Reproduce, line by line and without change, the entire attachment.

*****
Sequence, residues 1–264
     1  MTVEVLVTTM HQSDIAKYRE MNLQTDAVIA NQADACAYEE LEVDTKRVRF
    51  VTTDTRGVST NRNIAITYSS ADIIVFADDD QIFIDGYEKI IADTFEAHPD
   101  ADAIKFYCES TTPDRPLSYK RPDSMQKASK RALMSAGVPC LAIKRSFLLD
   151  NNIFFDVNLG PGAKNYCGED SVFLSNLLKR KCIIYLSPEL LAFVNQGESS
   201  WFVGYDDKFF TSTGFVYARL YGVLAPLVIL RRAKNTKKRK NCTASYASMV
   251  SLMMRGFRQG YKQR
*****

Sequence, residues 1–264
     1  MTVEVLVTTM HQSDIAKYRE MNLQTDAVIA NQADACAYEE LEVDTKRVRF
    51  VTTDTRGVST NRNIAITYSS ADIIVFADDD QIFIDGYEKI IADTFEAHPD
   101  ADAIKFYCES TTPDRPLSYK RPDSMQKASK RALMSAGVPC LAIKRSFLLD
   151  NNIFFDVNLG PGAKNYCGED SVFLSNLLKR KCIIYLSPEL LAFVNQGESS
   201  WFVGYDDKFF TSTGFVYARL YGVLAPLVIL RRAKNTKKRK NCTASYASMV
   251  SLMMRGFRQG YKQR